NedGroup’s and BAGL’s SRs of ‘4’ reflect a limited probability of support from the institutions’ respective parents, Old Mutual Plc (BBB+/Stable) and Barclays Plc (A/Stable). The SRs of both bank holding companies reflect the ultimate parents’ good ability, but limited willingness, to support. The latter reflects the proposed sale of BAGL by Barclays and the separation of Nedbank from Old Mutual. It also reflects Fitch’s expectation that the parents will continue to support the groups until completion of the respective sale and separation processes.
The SRs and SRFs of IL and SBG are affirmed at ‘5’ and ‘No Floor’, respectively, as Fitch believes that support from the authorities would not extend to holding companies.
The SR of DBSA is downgraded to ‘3’ from ‘2’, reflecting the weaker ability of the South African authorities to provide support to the bank. Fitch believes that the authorities’ propensity to support DBSA continues to be high. This considers its status as a development finance institution, with a clear mandate, incorporated by an Act of Parliament.
National Ratings reflect the creditworthiness of an issuer relative to the best credit and other entities in South Africa. The National Ratings of all commercial banks and their respective holding companies and DBSA have been affirmed as their creditworthiness relative to that of the sovereign and other rated entities has not changed.
DBSA’s National Long-Term Rating reflects a moderate probability of support from the South African authorities, if required. At ‘AA+(zaf)’ it reflects slightly lower perceived creditworthiness relative to the South African sovereign.
SENIOR DEBT, SUBORDINATED DEBT AND HYBRID SECURITIES
The senior unsecured debt program ratings of Absa, FRB, IBL, Nedbank and SBSA are equalised with the respective issuers’ IDRs. Senior debt issued under these programs by FRB, IBL and Nedbank is also equalised with the respective issuers’ IDRs. Therefore all Long- and Short-Term ratings for these programs and issues have been downgraded to ‘BB+’.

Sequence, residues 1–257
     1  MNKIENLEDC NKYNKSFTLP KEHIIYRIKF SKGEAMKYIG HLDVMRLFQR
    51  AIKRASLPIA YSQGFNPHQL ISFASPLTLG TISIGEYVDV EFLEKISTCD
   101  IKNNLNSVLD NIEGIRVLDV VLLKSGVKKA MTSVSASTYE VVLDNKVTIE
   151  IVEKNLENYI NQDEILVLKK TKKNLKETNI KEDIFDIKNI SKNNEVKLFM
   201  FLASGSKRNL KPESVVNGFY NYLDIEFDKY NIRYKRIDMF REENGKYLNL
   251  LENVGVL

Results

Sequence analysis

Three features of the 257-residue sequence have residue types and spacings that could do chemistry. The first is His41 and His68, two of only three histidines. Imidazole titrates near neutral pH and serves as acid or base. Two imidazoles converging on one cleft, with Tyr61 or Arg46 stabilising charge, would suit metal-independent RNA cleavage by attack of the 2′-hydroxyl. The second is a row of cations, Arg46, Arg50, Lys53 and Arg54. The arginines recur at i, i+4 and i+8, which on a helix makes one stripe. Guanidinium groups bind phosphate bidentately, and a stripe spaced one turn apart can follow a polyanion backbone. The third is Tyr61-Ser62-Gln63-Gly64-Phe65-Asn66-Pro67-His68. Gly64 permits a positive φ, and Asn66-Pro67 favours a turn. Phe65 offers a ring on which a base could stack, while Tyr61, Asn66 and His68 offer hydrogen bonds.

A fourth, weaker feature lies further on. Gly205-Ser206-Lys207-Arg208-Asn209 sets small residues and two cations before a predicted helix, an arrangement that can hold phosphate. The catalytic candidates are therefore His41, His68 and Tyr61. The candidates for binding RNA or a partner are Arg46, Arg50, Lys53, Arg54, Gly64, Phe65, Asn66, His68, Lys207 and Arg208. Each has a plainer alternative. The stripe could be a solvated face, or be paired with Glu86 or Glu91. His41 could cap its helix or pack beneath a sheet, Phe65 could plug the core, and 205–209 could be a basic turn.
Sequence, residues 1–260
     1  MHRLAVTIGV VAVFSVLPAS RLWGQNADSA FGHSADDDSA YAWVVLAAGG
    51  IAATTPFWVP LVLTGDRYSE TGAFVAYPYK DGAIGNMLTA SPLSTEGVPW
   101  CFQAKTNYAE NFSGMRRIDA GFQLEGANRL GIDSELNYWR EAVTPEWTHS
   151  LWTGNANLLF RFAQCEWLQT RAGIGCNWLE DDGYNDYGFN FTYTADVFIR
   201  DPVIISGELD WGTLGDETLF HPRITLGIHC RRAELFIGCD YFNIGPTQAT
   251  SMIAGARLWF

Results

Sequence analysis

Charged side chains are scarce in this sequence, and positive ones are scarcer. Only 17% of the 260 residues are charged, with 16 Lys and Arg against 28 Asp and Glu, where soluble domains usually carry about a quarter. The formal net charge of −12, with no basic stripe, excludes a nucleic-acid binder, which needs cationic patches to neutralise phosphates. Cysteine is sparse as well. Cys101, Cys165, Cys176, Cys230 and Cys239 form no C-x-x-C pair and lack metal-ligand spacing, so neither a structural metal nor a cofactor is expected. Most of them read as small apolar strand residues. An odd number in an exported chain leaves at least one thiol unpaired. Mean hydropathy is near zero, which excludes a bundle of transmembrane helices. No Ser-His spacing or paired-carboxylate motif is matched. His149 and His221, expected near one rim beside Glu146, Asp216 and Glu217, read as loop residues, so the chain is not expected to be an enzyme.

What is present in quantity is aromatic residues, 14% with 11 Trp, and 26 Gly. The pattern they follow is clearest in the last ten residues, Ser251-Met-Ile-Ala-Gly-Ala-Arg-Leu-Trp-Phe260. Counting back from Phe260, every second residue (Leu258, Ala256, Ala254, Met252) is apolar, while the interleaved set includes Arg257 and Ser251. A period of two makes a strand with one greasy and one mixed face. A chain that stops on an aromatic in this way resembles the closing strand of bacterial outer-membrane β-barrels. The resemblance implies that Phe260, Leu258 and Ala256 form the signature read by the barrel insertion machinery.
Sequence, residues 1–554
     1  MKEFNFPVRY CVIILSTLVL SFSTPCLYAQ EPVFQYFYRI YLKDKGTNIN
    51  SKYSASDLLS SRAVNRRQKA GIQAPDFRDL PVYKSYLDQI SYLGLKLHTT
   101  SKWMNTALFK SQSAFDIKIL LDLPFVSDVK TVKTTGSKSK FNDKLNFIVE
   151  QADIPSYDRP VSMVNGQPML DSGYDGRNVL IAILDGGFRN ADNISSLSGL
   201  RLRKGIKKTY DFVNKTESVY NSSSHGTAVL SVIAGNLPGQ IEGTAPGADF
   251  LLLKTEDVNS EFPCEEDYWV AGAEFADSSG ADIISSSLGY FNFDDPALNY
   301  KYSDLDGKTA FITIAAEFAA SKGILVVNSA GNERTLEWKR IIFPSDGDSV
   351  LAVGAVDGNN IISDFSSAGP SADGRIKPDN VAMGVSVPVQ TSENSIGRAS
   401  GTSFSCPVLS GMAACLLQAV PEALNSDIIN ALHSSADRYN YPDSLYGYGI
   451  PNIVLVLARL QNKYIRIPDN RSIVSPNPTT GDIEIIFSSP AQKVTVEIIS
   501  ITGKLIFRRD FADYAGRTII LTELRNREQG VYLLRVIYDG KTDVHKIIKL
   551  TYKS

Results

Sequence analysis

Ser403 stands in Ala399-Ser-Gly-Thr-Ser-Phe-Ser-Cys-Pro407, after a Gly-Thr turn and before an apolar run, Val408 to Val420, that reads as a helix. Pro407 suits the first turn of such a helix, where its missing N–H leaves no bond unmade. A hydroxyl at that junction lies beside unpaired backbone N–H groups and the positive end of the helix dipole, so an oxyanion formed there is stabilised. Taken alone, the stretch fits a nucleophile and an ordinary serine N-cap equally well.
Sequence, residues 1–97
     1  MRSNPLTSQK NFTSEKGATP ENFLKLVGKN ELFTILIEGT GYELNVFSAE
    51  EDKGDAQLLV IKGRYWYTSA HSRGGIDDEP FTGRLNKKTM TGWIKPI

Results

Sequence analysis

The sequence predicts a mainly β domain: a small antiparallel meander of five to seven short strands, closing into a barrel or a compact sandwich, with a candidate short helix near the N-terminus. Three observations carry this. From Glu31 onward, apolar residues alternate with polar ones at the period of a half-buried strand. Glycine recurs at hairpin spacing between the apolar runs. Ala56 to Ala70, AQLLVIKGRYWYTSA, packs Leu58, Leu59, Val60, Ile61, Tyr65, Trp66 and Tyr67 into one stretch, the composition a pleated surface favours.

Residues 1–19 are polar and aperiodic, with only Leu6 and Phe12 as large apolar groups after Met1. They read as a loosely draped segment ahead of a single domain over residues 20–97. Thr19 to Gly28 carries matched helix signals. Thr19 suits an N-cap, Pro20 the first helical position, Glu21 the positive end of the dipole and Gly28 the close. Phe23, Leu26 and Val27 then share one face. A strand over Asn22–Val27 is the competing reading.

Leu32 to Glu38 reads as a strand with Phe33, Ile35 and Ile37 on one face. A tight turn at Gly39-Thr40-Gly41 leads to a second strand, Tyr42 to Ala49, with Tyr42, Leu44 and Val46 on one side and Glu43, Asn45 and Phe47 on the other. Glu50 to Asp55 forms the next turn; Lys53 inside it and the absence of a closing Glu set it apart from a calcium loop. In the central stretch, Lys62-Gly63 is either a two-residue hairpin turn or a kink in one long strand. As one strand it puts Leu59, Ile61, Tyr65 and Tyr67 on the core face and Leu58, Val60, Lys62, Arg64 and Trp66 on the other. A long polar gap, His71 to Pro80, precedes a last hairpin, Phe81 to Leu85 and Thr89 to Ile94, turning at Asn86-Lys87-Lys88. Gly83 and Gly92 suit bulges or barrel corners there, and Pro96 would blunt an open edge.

The National Long-Term senior unsecured debt program ratings of Absa, BAGL and FRB are equalised with the respective issuers’ National Long-Term Ratings. Senior debt issued under these programs by FRB is also equalised with its IDRs. Therefore all Long- and Short-Term ratings for these programs and issues have been affirmed.
The Long-Term ratings of subordinated debt issued by FRB and Nedbank are one notch below their respective VRs to reflect higher loss severity relative to senior debt. These issue ratings have therefore been downgraded to ‘BB’.
The National Long-Term ratings of subordinated debt issued by BAGL, FRB and IBL are one notch below their respective National Long-Term Ratings, also to reflect higher loss severity relative to senior debt. Therefore these issue ratings have been affirmed. The National Long-Term ratings of two legacy upper Tier 2 notes issued by FRB are notched three times from the bank’s National Long-Term rating to reflect higher loss severity and non-performance risk. This issue rating has been affirmed.
IDRS and VRs
All commercial banks’ IDRs are sensitive to a change in their respective VRs. An upgrade of the banks’ VRs is only possible if the sovereign rating is upgraded. A further downgrade of the sovereign rating would result in a corresponding downgrade of the banks’ VRs and Long-Term IDRs.